Figure 3. Determination of allowable drilling radii of circular recesses from the condition of rock mass strength: 1—siltstone, 2—sandstone, 3—fine-grained limestone, 4—dolomite.

    Due to design and technological limitations of the device for circular recesses drilling, their radius does not exceed 2.5 m (R≤ 2.5 m). Therefore, the obtained results show that based on the technical capabilities of recess drilling, the condition of strength of the cantilever rock mass is met for most reservoir rocks.

    To determine the maximum allowable thickness of the rock mass, which can be formed between two adjacent circular recesses, we use formula (4). Axial static loading of 1000 KN was statically applied to the formed rock mass by heavy weight drill pipes. Figure 4shows the allowable thickness of the rock mass referring to the circular recess radius ( It is observed that the radius of the rock mass (if other conditions are constant) leads to a rapid decrease in the allowable thickness of the rock mass only at a certain interval.

    Figure 4. Determination of the circular recess drilling interval: 1—siltstone, 2—stone sandstone, 3—fine-grained limestone, 4—dolomite.

    In practice, the thicknesshof the rock mass should be slightly less than the calculated valuehmaxto ensure guaranteed destruction of the rock and to neutralize the error of the bottomhole assembly position in the well. Under certain conditions, a certain step of drilling circular recesseshat their radius ofR= 1.7–2.5 m makes it difficult to implement the proposed technology using only static axial force (for example, reservoir rock andi= 3 inFigure 4). Therefore, if necessary,hmaxcan be adjusted to a larger range to provide rock mass destruction by applying a dynamic axial load.

    To explain the technology of wellbore reaming, let us consider the schematic diagrams of special drilling equipment and describe the principle of its operation. Figure 5schematically shows the special bottomhole assembly (BHA) used at the second and third stages of wellbore diameter reaming.

    Figure 5. Schemes of bottomhole assemblies: (a) circular and conical recesses drilling and (b) rock mass destruction and grinding; 1—anchor, 2—centralizer, 3—turning gear, 4—special tool with deflecting bit, 5—shock absorber, 6—mechanical vibrogenerator (jar) of longitudinal oscillations, 7—blade raising device, 8—reamer with fixed blades.

    The special BHA used for circular recess drilling (Figure 5a) consists of an anchor (1) of known design, designed to fix the drill string relative to the wellbore, two centralizers (2) used to orient the BHA relative to the axis of the well, a rotary device (3) with remote control, and a special device with a rotating bit (4).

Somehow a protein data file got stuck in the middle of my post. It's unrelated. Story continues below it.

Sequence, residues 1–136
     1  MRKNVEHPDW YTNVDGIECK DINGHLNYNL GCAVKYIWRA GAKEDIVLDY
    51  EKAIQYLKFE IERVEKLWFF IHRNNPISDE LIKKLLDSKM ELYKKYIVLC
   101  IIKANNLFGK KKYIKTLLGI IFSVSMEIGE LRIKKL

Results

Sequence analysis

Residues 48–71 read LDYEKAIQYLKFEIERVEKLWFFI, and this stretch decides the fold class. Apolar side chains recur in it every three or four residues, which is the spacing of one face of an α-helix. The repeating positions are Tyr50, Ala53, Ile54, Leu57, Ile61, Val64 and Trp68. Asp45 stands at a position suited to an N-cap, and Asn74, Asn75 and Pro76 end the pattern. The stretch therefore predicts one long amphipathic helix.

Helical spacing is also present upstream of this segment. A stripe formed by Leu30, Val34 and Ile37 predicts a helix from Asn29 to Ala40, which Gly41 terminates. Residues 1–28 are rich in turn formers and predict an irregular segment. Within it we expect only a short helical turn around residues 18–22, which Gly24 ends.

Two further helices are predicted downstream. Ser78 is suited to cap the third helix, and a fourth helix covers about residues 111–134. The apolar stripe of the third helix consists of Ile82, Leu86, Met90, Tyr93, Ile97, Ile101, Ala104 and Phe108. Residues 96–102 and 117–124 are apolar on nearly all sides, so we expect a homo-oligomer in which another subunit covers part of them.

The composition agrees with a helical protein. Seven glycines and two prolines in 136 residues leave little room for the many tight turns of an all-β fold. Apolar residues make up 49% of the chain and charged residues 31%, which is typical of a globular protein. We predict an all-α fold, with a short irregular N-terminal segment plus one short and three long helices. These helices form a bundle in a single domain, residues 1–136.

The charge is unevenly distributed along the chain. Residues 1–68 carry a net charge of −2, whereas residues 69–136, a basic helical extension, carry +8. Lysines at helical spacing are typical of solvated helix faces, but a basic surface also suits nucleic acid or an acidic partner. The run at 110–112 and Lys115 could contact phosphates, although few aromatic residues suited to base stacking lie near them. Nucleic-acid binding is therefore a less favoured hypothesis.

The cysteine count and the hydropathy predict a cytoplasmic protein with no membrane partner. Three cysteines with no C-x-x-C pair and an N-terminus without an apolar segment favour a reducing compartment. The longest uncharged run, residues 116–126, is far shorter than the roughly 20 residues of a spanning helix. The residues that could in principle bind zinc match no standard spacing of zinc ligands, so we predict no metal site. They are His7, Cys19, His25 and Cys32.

The sequence to obtain circural recesses with this BHA is as follows:drilling of the well of nominal radiusr;the special bottomhole assembly is lowered into the well to a given depth and fixed;washing liquid starts circulation, causes the rock-destroying tool rotation, and serves as a trigger for the remote control system on the circular recess drilling to start;the remote control system provides a control signal to the linear drive which through the rod (1), via the lever mechanism (2), deflects the rock-destroying tool at an angle of 90 degrees (Figure 6);the rotary device (3) rotates the device with the rotary bit around its axis by 360 degrees, and as a result, the circular recess is formed;the rock-destroying tool returns to its original position on the signal of the control system, and the BHA is fixed; andthe BHA rises to a given heighth, after which the whole process is repeated.

    After completing the drilling, the tool is removed from the well.

    It consists of a hollow bit (see number 10 inFigure 6) with cutters fixed on its surface driven through the gearbox 6 by a section of turbines (8) with movable stators and fixed rotors, or a section of a screw motor with a hollow rotor and torsion bar (not shown) in it. Thus, the assembly scheme of the device for the tool with a diameter of 197 mm makes possible usage of the deflecting bit (10) with a diameter of 140–145 mm with the drive in the form of standard sections of turbine drills or sections of a propeller engine with a hollow rotor with a diameter of 85 mm. Based on the preliminary calculations, the length of the bit is limited to 1.75–2.5 m depending on the bit operation mode, rock mass, and bit cutter charactersitics. We used methods to assess the strength and rigidity of long structures, including pipe columns, pipelines, and special tools operation in the conditions of contact interaction with the elastic environment and at operation in difficult geotechnical conditions [29][30].

    The BHA (Figure 5b) is lowered into the well after circular recess drilling destroys the rock mass between the circular recesses. It consists of a section of heavy weighted drill pipes which carries out its orientation relative to the axis of the well; one of the known drill shock absorbers (5) [31][32], which protect the drill string from vibration and control the BHA dynamics [33]; the vibration generator or jar (6); the special device to retract legs (7), which allows independent rotation of the legs around the axis of the BHA; and the section of the eccentric well reamers (6).